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bookshelves For those of us who write a lot, there is a certain bias for the notion that "if you don't write it down, it didn't happen." It's not just writers; as digital as our world has become, there is still a value of permanence to the written word--it's just more likely in bytes rather than paper.

In free and open source software communities, there's always a lot of stock put into the need to have written documentation of most any sort. From user guides, to feature specs, to marketing materials, a community's collective shared knowledge should not rely on the memory and experience of a few people in the community, but rather information that's freely available to all.

This may be preaching to the choir, of course, since the need for documentation is well established. Of course, getting that documentation created can be a challenge in and of itself. Many are the tales of project after project that could really take off in terms of adoption and contribution, except people are held back because they don't know enough about it or the learning curve is too steep. Arguing the pros and cons of documentation is not, however, the point of this discussion. Let's assume that this journey is underway and you are producing documents for your community.

Now the question becomes: what do you do with them?

Stuck On You

The problem that sometimes crops up within communities is that documents tend to be sticky. Specifically, they stick with the author/creator of the document. This is usually not a result of people being intentionally selfish. I have been guilty of this myself at times. I finish up a nice howto on using a new software feature and then I send a notice of its location on Google Drive or Dropbox out to a team or community by email. The document is received with some gratitude, and life goes on.

Until this happens: the email drops in my inbox that reads "Hey, Brian, where's that howto you wrote on the feature X a while back?"

At that exact moment, you have a document problem.

The problem is not that you don't have a document available... the issue is that it's not stored in a way that everyone who needs to find it can find it easily. Sure, I was cool and I published the document on [Insert Cloud Platform Here], but I likely posted to my account's space within that larger cloud platform. The document is still public, but it's still associated with me. It is, in effect, sticky.

This happens all of the time: slides, documents, and spreadsheets are scattered hither and yon throughout your community. They are publicly shared, but their accessibility is fragmented across multiple locations based on authors.

This may seem like a non-issue to some of you, because come on, how hard is it for people to just search their email for "sender: Brian feature X"? Indeed, I suspect many of us have gotten used to using our inboxes as ad hoc card catalogs where we try go call up enough keywords to find the information or document we need. But such searches, while occasionally valid, still rely on very specific institutional knowledge. What about, for instance, the community member who wasn't active in the community when you first sent out your document? If they don't ask around, they might assume that such a document was never made, and will either try to move on without it or, worse, duplicate effort and make their own version of the document.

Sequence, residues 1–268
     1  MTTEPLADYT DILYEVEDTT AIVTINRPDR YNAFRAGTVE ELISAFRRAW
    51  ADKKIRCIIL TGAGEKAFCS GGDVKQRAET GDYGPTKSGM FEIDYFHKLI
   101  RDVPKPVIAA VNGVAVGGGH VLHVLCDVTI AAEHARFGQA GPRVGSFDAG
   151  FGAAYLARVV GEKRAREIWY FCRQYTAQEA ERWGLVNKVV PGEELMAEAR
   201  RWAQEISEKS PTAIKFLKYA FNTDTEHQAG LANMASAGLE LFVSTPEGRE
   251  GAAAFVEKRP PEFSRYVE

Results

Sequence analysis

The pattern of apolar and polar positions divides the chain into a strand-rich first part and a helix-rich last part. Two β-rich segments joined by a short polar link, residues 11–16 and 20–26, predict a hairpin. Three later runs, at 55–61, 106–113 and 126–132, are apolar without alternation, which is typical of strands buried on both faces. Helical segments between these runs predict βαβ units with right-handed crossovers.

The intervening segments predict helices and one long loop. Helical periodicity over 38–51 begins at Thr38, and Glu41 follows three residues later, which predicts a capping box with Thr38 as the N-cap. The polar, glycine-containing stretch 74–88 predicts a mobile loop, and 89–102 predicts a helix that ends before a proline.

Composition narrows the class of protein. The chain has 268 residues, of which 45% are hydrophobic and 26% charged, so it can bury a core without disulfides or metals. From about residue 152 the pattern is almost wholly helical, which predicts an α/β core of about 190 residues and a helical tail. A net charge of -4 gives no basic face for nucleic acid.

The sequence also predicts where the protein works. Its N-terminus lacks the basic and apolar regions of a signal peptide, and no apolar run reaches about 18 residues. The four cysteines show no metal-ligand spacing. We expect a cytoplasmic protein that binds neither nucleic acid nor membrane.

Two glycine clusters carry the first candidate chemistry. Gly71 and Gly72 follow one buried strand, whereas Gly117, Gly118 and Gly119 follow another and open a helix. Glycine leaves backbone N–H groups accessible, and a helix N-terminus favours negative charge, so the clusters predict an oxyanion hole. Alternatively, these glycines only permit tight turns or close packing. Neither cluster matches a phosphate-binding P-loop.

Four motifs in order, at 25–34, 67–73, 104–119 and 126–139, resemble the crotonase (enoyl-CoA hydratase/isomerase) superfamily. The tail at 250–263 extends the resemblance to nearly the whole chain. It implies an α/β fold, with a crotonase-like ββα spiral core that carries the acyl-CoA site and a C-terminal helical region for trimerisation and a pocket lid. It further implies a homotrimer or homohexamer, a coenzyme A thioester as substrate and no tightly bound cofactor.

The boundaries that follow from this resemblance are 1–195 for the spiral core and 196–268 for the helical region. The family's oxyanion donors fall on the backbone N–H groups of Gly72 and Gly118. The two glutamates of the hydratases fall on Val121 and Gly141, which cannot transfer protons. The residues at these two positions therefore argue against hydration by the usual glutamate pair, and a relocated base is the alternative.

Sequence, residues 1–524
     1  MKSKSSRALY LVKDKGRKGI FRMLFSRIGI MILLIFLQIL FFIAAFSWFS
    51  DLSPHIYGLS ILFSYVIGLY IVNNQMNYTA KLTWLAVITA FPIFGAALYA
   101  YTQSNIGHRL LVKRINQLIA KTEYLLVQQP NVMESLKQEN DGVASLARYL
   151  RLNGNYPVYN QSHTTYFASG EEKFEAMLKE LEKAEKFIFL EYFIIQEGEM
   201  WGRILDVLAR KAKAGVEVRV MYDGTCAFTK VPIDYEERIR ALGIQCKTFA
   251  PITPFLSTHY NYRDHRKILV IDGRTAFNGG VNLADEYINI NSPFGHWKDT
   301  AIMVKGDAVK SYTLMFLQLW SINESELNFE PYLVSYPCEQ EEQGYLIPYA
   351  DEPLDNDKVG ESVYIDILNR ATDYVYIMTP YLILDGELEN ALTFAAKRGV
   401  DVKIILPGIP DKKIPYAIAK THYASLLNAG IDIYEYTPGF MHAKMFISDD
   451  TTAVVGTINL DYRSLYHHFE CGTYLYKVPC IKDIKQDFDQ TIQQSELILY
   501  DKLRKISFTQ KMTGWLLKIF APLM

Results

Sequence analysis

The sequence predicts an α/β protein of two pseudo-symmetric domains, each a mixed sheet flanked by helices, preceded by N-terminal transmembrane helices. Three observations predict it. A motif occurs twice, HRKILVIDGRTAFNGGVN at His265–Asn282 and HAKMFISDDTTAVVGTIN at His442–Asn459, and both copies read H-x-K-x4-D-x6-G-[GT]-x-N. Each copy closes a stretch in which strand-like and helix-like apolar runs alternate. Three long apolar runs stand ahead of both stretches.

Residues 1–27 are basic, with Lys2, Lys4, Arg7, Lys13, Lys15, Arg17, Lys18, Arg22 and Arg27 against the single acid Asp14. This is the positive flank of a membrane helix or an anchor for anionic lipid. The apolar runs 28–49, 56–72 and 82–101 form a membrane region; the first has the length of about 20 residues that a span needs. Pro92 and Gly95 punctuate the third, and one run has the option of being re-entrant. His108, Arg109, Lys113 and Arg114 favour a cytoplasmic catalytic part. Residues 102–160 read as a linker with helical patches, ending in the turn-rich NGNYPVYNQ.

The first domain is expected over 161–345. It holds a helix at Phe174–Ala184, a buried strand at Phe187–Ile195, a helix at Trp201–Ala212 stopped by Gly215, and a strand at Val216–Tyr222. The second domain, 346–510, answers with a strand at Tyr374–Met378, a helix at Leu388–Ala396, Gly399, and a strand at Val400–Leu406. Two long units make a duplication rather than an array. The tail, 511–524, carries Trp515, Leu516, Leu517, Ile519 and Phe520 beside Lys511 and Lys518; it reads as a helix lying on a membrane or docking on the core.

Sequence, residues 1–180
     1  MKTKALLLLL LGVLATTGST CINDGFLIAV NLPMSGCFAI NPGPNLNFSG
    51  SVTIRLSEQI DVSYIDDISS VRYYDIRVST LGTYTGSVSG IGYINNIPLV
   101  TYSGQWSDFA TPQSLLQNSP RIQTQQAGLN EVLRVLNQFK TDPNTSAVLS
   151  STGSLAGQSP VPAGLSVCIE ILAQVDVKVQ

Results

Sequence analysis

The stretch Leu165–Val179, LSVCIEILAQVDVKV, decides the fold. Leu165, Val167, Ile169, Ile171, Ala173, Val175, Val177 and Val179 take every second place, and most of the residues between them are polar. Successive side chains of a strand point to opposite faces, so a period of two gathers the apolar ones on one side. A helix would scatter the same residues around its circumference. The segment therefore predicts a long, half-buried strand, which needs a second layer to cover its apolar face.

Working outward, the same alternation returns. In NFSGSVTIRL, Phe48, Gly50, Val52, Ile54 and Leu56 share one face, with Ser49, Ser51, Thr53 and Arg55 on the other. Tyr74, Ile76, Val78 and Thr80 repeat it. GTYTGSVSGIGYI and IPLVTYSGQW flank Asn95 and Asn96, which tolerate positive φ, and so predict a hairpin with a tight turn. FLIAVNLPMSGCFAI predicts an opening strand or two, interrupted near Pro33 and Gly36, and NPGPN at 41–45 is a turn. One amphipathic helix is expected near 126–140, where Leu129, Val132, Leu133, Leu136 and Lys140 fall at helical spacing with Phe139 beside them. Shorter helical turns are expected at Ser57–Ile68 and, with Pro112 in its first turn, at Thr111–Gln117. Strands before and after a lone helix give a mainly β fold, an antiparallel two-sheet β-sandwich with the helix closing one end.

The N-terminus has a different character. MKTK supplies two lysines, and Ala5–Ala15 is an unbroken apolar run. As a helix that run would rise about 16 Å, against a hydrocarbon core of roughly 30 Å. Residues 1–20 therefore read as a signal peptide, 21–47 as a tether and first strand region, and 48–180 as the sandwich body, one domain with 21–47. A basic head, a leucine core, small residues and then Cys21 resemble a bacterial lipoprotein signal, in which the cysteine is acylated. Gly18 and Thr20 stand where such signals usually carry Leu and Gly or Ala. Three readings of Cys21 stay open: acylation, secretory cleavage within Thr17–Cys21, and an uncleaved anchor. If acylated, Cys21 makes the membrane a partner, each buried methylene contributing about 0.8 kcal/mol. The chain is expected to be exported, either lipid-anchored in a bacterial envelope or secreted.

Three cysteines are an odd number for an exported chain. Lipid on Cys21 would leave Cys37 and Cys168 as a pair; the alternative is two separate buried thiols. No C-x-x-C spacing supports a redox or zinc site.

Consolidation Is Key

The solution here is to try to gather all of the known documentation into one single repository that is prominently located within your community so anyone in your project should be able to find it. Additionally, that repository should be easily searchable so specific contents can be quickly located.

The type of repository does not matter: it can be GitHub, a community wiki, or even Google Drive. The important thing is that it's one repository for all documents... not many repositories for all documents.

This may seem dead obvious, but the truth is that even communities that have made a commitment to create documentation do not consistently archive their materials in this manner. Paradoxically, it's almost one of those things that seems so obvious that you don't have to do it. But the benefits of a central repository are clear:

  • Project knowledge is more broadly shared
  • Institutional knowledge is reduced
  • Document consolidation can help identify gaps in coverage and versions
  • Document collections can motivate the creation of more documents

It is important to note that you should not just dump your documents into a centralized repo and call it a day. Effective organization, such as through tagging, is another vital part of making such archives work. Sometimes archive users don't know the right search question to ask, so the more they can narrow their search down to the right content, the better.

Getting documentation right is a big enough challenge... don't make it hard for people to find what you do have.

(Image courtesy Alexandre Duret-Lutz, (CC BY-SA 2.0))

About the author

Brian Proffitt is a Manager within Red Hat's Open Source Program Office, focusing on content generation, community metrics, and special projects. Brian's experience with community management includes knowledge of community onboarding, community health, and business alignment. Prior to joining Red Hat in 2014, he was a technology journalist with a focus on Linux and open source, and the author of 22 consumer technology books. 

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